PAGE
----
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Human will, Divine will, and theosis

salvation free will sixth ecumenical council

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#21 Lakis Papas

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Posted 28 June 2013 - 10:10 PM

St Maximus writes in  "Four Hundrend Chapters on Love" :

1. Love is a good disposition of the soul by which one prefers no being to the knowledge of God. it is impossible to reach the habit of this love if one has any attachment to earthly things.
56. Self-love, as has frequently been said, is the cause of all passionate thoughts. From it are begotten the three capital thoughts of concupiscence: gluttony, greed, and vanity. From gluttony the thought of fornication arises; from greed, that of covetousness; and from vanity, that of arrogance. All the rest follow one or the other of these three the thoughts of anger, grief, resentment, sloth, envy,back-biting, and the rest. These passions, then, bind the mind to material things and keep it down on the earth, weighting on it like a very heavy stone, though by nature it should be lighter and livilier than fire.
57. The beginning of all passions is love of self, and the end is pride. Self-love is irrational love of the body, and if one eliminates this he eliminates along with it all the passions stemming from it.
58. Just as parents have affection for the offspring of their bodies, so also is the mind naturally attached to its own reasonings. And just as to parents who are emotionally attached the children appear as the fairest and handsomest of all even though in every way they might be the most hideous of all, so it is with the foolish mind. Its reasonings, even though they might be the most depraved of all, still appear in its view as the most sencible of all. However, this is not the case with the wise man and his reasoning. Rather, when it seems convincing that they are true and correct, then especially does he distrust his own judgment but makes use of other wise men as judges of his own reasonings (so as not to run or have run in vain), and from them he receives assurance.


According to st Maximus, sin in action is preceded by sin in thought. Passion is generated in our intellect. I simplify this theological analysis -  there is also room for satanic influence and angelic counceling and God's intervention, all of which affect humans, depending on the susceptibility of each person.
Neptic Fathers suggest that the noetic function of the intellect of a person serves the purpose to provide meaning to sensory objects (objects and events that are real). But, this function is also more complex. It has a creative ability to produce virtual concepts that surpass the initial view of the real world object. This productive functionality is the main force that enables humans to elevate earthly things up to spiritual meanings. For example, I see Creation and through this real view I elevate my intellect into the spiritual knowledge of the Creator. But as st Maximus said above (in article 58) mind's children are often hideous. He explains what happens next:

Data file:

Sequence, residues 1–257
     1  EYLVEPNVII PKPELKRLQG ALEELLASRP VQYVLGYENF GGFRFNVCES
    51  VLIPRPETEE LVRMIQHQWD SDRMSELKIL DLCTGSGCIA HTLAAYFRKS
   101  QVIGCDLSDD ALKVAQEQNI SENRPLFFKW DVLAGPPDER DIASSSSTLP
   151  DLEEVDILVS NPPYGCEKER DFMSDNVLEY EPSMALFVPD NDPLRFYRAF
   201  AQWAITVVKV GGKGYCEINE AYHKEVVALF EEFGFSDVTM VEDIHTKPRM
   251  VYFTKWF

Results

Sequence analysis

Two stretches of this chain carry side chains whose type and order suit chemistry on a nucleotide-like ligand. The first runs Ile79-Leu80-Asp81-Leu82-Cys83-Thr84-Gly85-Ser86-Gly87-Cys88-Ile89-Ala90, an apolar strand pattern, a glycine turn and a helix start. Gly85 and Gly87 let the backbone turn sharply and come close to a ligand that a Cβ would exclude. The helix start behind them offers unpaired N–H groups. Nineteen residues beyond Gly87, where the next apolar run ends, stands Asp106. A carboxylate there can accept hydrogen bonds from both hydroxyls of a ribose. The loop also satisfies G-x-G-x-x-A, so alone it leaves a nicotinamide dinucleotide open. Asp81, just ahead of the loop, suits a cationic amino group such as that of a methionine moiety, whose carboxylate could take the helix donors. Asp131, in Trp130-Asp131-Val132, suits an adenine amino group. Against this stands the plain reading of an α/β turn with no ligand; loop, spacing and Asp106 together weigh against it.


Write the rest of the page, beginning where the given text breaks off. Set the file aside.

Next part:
3. When passions dominate the intellect, they separate it from God, binding it to material things and preoccupying it with them. But when love of God dominates the intellect, it frees it from its bonds, persuading it to rise above not only sensible things but even this transitory life. 
15. When the intellect turns its attention to the visible world, it perceives things through the medium of the senses in a way that accords with nature. And the intellect is not evil, nor is its natural capacity to form conceptual images of things, nor are the things themselves, nor are the senses, for all are the work of God. What, then, is evil? Clearly it is the passion that enters into the conceptual images formed in accordance with nature by the intellect; and this need not happen if the intellect keeps watch.
16. Passion is an impulse of the soul contrary to nature, as in the case of mindless love or mindless hatred for someone or for some sensible thing. In the case of love, it may be for needless food, or for a woman, or for money, or for transient glory, or for other sensible objects or on their account. In the case of hatred, it may be for any of the things mentioned, or for someone on account of these things.
17. Again, vice is the wrong use of our conceptual images of things, which leads us to misuse the things themselves. In relation to women, for example, sexual intercourse, rightly used, has as its purpose the begetting of children. He, therefore, who seeks in it only sensual pleasure uses it wrongly, for he reckons as good what is not good. When such a man has intercourse with a woman, he misuses her. And the same is true with regard to other things and our conceptual images of them. 
33. There are also three things that impel us towards evil: passions, demons and sinfulness of intention. Passions impel us when, for example, we desire something beyond what is reasonable, such as food which is unnecessary or untimely, or a woman who is not our wife or for a purpose other than procreation, or else when we are excessively angered or irritated by, for instance, someone who has dishonored or injured us. Demons impel us when, for example, they catch us off our guard and suddenly launch a violent attack upon us, stirring up the passions already mentioned and others of a similar nature. We are impelled by sinfulness of intention when, knowing the good, we choose evil instead.